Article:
1. Playing by the tendering rules – when a purchaser decides that he is going to tender work in a particular way, by (for example) adopting a set of rules for tendering, then he is bound to follow those rules. So if a purchaser says he will accept the lowest price, he is obliged to not take the second highest. This is called “the two contract theory”. The bidder, by putting in a tender for a contract, is accepting the terms the purchaser has publicised. The tenderer and buyer are agreeing, in an enforceable way, to treat the tenderer as the buyer has said he will. This simple rule is dwarfed by the rules associated with public sector procurement but it remains an important issue especially where one of the parties is a large corporation with a bureaucratic system who have said they will deal with bids in a particular way.

Public sector procurement

The rules associated with public sector procurement are byzantine. The Procurement Regulations, and to a lesser extent the Utility Regulations, require procurers to follow rules on how they procure all work over a certain value threshold and, in public sector organisations, there will often be internal rules which oblige them to procure contracts in a particular way. This leads to a number of issues that are very familiar to us:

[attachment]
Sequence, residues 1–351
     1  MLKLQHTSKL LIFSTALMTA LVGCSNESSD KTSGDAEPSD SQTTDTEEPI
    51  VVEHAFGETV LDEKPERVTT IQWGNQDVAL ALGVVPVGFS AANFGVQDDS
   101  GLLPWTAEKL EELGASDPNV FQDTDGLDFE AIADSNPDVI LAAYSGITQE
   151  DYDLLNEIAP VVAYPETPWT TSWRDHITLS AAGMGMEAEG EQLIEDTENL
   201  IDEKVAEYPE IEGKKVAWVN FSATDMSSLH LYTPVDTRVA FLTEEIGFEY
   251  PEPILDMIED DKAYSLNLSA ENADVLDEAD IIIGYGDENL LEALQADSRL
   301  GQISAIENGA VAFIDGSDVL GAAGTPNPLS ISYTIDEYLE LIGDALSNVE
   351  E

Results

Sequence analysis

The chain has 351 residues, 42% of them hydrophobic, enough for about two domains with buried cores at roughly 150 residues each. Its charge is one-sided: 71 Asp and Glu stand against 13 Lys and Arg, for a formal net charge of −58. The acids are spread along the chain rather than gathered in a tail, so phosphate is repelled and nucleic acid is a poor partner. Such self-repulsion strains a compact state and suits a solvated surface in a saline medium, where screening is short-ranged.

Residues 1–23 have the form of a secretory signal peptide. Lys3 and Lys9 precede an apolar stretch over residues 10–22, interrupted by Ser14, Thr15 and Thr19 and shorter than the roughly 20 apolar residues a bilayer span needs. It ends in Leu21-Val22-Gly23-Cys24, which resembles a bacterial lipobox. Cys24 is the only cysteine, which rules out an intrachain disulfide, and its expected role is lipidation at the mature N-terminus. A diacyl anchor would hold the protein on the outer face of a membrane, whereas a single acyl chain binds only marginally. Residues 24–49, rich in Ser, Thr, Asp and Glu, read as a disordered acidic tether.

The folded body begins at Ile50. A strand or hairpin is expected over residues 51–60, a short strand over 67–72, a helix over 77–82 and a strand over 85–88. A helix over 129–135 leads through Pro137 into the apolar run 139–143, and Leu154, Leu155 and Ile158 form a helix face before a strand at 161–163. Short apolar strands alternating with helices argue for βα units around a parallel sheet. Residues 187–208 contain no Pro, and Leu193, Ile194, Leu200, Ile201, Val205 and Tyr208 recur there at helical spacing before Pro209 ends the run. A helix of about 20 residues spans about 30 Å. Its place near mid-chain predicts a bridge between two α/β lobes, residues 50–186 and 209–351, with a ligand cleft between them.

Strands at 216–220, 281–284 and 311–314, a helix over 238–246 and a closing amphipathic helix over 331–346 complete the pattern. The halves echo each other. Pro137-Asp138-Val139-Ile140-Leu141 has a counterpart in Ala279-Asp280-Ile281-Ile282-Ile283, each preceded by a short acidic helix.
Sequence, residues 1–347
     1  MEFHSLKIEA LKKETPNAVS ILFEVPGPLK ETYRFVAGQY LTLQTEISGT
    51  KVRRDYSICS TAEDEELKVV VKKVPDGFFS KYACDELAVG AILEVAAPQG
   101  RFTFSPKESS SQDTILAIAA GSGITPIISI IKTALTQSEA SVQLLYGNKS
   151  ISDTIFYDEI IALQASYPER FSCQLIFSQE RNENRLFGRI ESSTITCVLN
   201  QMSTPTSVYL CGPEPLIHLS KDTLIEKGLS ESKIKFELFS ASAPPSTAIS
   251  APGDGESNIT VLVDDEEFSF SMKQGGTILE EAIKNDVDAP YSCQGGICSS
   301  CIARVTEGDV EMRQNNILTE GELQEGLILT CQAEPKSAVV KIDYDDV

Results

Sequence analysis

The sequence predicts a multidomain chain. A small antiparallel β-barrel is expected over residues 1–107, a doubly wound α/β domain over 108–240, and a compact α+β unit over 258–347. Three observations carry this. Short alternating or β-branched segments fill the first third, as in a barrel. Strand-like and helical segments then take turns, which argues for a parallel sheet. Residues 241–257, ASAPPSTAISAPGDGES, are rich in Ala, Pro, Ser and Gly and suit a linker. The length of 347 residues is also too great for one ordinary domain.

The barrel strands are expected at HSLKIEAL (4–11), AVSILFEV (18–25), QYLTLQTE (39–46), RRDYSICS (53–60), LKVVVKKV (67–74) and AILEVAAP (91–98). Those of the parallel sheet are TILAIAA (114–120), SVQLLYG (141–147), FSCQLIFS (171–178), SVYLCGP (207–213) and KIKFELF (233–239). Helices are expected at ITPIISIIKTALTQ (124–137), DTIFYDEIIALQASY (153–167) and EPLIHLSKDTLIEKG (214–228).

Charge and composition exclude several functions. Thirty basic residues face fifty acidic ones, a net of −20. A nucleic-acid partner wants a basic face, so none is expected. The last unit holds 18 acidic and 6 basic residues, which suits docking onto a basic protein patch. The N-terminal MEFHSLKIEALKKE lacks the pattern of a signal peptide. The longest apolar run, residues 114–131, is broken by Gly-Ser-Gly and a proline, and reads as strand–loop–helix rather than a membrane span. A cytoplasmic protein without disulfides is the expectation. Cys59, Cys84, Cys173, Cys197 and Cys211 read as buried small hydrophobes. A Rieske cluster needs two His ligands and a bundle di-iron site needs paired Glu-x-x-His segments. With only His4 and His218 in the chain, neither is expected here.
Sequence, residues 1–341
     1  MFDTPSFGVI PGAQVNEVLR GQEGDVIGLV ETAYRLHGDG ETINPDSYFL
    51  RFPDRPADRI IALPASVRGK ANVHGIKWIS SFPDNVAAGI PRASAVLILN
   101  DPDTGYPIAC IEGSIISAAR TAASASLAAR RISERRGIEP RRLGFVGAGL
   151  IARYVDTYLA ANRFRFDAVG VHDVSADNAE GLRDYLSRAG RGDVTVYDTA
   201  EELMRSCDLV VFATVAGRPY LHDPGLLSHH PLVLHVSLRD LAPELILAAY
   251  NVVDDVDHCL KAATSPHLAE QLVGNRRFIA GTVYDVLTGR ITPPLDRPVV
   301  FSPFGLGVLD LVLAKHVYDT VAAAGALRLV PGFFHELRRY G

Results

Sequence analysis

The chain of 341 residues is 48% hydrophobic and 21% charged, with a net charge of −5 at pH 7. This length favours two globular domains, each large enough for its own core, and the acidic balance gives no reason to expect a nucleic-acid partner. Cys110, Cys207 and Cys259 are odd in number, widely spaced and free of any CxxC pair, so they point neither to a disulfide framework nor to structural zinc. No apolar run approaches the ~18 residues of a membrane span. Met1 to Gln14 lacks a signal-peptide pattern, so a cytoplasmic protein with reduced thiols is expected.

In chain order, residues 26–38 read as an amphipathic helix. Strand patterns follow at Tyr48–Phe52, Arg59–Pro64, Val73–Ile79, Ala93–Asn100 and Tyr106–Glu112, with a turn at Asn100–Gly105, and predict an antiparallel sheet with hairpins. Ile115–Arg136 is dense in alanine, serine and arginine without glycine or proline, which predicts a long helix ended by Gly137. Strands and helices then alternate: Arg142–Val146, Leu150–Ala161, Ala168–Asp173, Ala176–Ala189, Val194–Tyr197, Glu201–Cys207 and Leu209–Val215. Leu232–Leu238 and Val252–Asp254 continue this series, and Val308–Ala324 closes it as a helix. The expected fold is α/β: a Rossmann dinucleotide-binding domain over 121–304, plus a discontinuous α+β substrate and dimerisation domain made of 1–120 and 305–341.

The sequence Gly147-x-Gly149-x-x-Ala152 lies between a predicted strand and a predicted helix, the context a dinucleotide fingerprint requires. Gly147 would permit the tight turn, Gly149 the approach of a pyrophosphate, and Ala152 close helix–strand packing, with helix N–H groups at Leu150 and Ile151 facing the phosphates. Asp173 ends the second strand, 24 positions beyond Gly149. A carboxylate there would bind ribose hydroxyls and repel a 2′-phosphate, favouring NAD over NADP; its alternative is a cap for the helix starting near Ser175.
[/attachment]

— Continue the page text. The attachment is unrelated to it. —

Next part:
1. Assisting procurers to get the system right. Because the rules are so difficult to manage and the desire for efficiency is ever-increasing, public sector organisations often struggle to buy exactly what they want in the most efficient way. This represents a significant part of our work. How public sector organisations will get the most economically advantageous tender in a way that complies with the Regulations is very difficult. It requires a good deal of insight and a lot of experience to ask the right questions of the tenderers in the right way so that the quality is the right standard is not easy. Nor is setting the right model for establishing what the cost will be. A model is often needed to get the right answer rather than simply hoping that a lowest price will lead to the lowest out turn cost. How quality if measured is also dramatically changing as the real implications of BIM are gradually felt across the industry;